3 Ways UX Designs Can Draw Upon Architectural Concepts

October 3, 2022

The architect Louis Kahn once said, “Architecture is the thoughtful making of space.” I read this quotation 20 years ago, and it has stuck with me ever since. The idea of the thoughtful making of space is something that we, as UX designers, strive to achieve when creating digital products. Just as architects create physical spaces, in digital design, we have a canvas that we need to define and design in a specific way that tells a story and provides the user with an amazing user experience.

My career aspirations shifted from architecture to the design of digital experiences. But when I was studying architecture, I learned three things that I use almost every day in designing digital products.

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1. Playing with Lego Blocks

In my first year in architecture school around 2003, while doing an architecture design assignment, I came up with the idea of using Lego blocks to try different compositions within a given space. The varying sizes of Lego blocks simplified my understanding of the constraints of the space and inspired me to play around with their layout accordingly.

Cut to 2022 in the digital space, I often use block diagrams to define the space requirements, sizes, and priorities of the information blocks at hand, as Figure 1 depicts. These information blocks are very similar to the Lego blocks I used. They let me try out various compositions to determine the optimal flow of information and understand how the user should navigate through the product. The things I must consider are very similar to those that determine how a person moves through an architectural space.

Figure 1—Moving from Lego blocks to block diagrams
Moving from Lego blocks to block diagrams

2. Adding Layers to Make Things Interesting

During my second year in architecture school, we completed an exercise during which we traced an interesting space on a city map, limiting that space to a 2-inch by 2-inch square. We needed to find an interesting area within the space that we traced, then create a composition based on it using cardboard and Polystyrene sheets. I started by creating a flat composition of the area that I had selected. This did not work out well initially. But the moment I added different layers to it that space, the composition came alive. It made the structure that I was trying to build dynamic.

Now when I design a digital product, I follow the same process. I have realized that adding layers to an information block motivates the user to drill down. It enables users to understand the information and make better-informed decisions. For example, a user might click a card to reveal more details or open panels that layer on top of the main screen in which they can perform various actions. As Figure 2 shows, layers do make things more interesting and intriguing. However, in a digital product, it is important to avoid adding too many layers—especially layers that might send users down a rabbit hole.

Figure 2—Moving from flat compositions to layers
Moving from flat compositions to layers

3. Looking at Designs from Different Perspectives

I would not be doing justice to my days in those architecture classes if I did not discuss how those lessons helped me to learn about perspective. These courses did not just teach me about creating sections and orthographic views but made me aware of both one-point and two-point perspective. Learning how to draw using perspective is crucial for people who want to visualize the user experience and identify design opportunities within a structure that would not obvious from floor plans or elevations.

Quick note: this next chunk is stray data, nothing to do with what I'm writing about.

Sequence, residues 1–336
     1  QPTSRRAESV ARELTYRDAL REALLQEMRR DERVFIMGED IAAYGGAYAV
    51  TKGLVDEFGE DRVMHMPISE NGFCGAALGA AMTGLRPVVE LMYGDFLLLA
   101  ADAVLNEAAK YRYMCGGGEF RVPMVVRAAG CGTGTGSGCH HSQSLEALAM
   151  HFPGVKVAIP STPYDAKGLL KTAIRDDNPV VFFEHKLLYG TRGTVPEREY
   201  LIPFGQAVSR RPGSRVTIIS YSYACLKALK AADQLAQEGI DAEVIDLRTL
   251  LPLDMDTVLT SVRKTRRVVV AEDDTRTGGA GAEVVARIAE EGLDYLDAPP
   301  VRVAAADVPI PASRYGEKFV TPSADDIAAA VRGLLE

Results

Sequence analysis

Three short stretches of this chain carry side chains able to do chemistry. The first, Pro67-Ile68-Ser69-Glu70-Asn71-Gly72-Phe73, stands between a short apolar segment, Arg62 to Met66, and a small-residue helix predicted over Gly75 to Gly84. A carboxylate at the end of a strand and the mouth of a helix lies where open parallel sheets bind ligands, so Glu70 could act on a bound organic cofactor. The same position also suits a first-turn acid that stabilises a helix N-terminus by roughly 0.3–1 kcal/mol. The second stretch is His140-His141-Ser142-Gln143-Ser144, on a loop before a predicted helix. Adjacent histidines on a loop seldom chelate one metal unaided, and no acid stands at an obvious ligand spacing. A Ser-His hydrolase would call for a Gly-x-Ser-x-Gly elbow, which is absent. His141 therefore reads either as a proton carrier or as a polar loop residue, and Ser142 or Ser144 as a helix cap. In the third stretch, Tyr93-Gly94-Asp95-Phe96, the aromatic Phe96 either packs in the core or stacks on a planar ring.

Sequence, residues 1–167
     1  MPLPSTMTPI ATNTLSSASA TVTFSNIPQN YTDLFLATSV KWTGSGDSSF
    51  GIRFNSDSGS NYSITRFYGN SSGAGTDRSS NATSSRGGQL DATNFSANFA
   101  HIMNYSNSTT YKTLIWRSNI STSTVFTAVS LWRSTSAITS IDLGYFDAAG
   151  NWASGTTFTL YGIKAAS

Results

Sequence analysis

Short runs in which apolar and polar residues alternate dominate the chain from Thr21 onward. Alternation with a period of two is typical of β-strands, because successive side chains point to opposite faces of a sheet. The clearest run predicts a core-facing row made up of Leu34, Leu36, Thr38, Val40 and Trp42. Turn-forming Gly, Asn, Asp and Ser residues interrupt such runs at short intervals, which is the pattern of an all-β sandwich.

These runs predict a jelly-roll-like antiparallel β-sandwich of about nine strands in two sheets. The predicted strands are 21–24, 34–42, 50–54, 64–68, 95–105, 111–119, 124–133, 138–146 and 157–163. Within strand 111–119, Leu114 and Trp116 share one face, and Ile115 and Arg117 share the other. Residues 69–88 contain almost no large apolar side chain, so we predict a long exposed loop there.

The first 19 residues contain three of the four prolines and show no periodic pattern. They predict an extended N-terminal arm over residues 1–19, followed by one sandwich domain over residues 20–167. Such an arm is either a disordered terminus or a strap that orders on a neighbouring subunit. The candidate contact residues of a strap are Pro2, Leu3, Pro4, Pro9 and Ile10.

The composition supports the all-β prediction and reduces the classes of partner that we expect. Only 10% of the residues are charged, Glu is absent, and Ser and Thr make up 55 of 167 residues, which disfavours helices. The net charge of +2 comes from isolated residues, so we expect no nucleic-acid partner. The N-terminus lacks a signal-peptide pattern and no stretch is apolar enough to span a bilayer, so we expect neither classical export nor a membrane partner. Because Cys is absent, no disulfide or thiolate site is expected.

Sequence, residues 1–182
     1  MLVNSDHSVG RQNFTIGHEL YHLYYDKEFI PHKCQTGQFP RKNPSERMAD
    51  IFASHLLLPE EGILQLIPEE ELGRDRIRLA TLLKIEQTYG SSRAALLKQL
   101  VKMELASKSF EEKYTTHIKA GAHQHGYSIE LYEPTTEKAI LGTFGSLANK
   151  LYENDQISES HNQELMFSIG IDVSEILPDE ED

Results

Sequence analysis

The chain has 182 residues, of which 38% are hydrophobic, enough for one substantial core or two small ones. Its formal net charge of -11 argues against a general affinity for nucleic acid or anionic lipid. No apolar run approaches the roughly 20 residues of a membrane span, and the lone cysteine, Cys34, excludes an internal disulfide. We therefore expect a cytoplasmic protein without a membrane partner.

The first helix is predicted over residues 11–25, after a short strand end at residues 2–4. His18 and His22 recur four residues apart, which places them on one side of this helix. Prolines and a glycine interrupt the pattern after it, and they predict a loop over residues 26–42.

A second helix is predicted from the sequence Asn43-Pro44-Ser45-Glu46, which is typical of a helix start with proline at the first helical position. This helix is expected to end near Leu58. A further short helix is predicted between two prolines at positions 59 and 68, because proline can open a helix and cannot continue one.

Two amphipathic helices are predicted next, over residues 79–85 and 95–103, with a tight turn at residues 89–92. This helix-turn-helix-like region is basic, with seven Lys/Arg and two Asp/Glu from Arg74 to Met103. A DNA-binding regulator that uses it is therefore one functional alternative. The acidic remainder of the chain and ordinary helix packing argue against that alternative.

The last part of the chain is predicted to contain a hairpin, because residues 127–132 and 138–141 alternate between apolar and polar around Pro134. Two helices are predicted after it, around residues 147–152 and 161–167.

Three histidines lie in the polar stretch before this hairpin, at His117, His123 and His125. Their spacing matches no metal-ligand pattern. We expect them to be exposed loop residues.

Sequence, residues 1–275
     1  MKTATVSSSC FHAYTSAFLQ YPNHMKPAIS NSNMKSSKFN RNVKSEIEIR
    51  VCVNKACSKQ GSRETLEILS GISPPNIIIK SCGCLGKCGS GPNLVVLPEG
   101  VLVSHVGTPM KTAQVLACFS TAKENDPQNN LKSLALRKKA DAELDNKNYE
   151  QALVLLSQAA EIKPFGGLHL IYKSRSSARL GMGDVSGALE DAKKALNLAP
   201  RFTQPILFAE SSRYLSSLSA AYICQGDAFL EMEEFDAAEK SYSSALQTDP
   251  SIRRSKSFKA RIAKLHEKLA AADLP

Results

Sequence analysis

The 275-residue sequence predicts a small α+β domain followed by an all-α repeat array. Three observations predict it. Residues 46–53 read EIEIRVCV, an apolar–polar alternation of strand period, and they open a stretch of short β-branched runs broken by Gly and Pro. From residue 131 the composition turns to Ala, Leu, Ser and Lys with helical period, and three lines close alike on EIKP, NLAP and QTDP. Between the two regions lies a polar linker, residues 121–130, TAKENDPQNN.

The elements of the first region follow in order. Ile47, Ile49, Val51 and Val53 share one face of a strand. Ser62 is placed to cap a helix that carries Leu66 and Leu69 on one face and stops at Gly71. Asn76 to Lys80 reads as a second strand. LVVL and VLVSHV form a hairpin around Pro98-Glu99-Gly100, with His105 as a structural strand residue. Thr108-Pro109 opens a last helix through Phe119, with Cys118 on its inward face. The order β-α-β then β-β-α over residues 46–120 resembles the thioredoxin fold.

When I design digital products, I return to these lessons on perspective to discover different user perspectives and glean insights from them. I question whether the information these perspectives have provided makes complete sense. Does this interaction work, or is it too complex? Could I remove some things, or should I add more? Or is there a completely different way in which I could design the product experience that might better meet users’ needs?

Looking at something from different perspectives gives a deeper understanding of a structure, similar to the ways in which it gives deeper meaning to the information spaces we are designing for users, which they will eventually consume on flat digital screens, as Figure 3 depicts.

Figure 3—Looking at something from different perspectives
Looking at something from different perspectives

Some Final Thoughts

Over time, I have realized that there are many similarities between architecture and UX design. In this article, I’ve discussed just a few of the architecture-based approaches, methods, and concepts on which I draw when creating digital software products. During my years in architecture school, I learned to do a lot of sketching, drawing design details with pen and paper. Today, I often start with sketching long before I jump into using software tools to design products. These sketches help me to understand more clearly how to proceed. It is fascinating to see how the techniques I learned years ago have become invaluable in my work today when I’m crafting digital product experiences that users will love to use. 

Principal UX Designer at Talentica Software

Pune, Maharashtra, India

Chinmay HulyalkarChinmay is a National Institute of Design, Bangalore, alumnus and has worked with companies such as Yahoo, Cognizant, and Globant. Over the last decade, Chinmay has developed expertise in product strategy, creative conceptualization, and building engaging user experiences. He has worked with both large enterprises and early and growth-stage startups.  Read More

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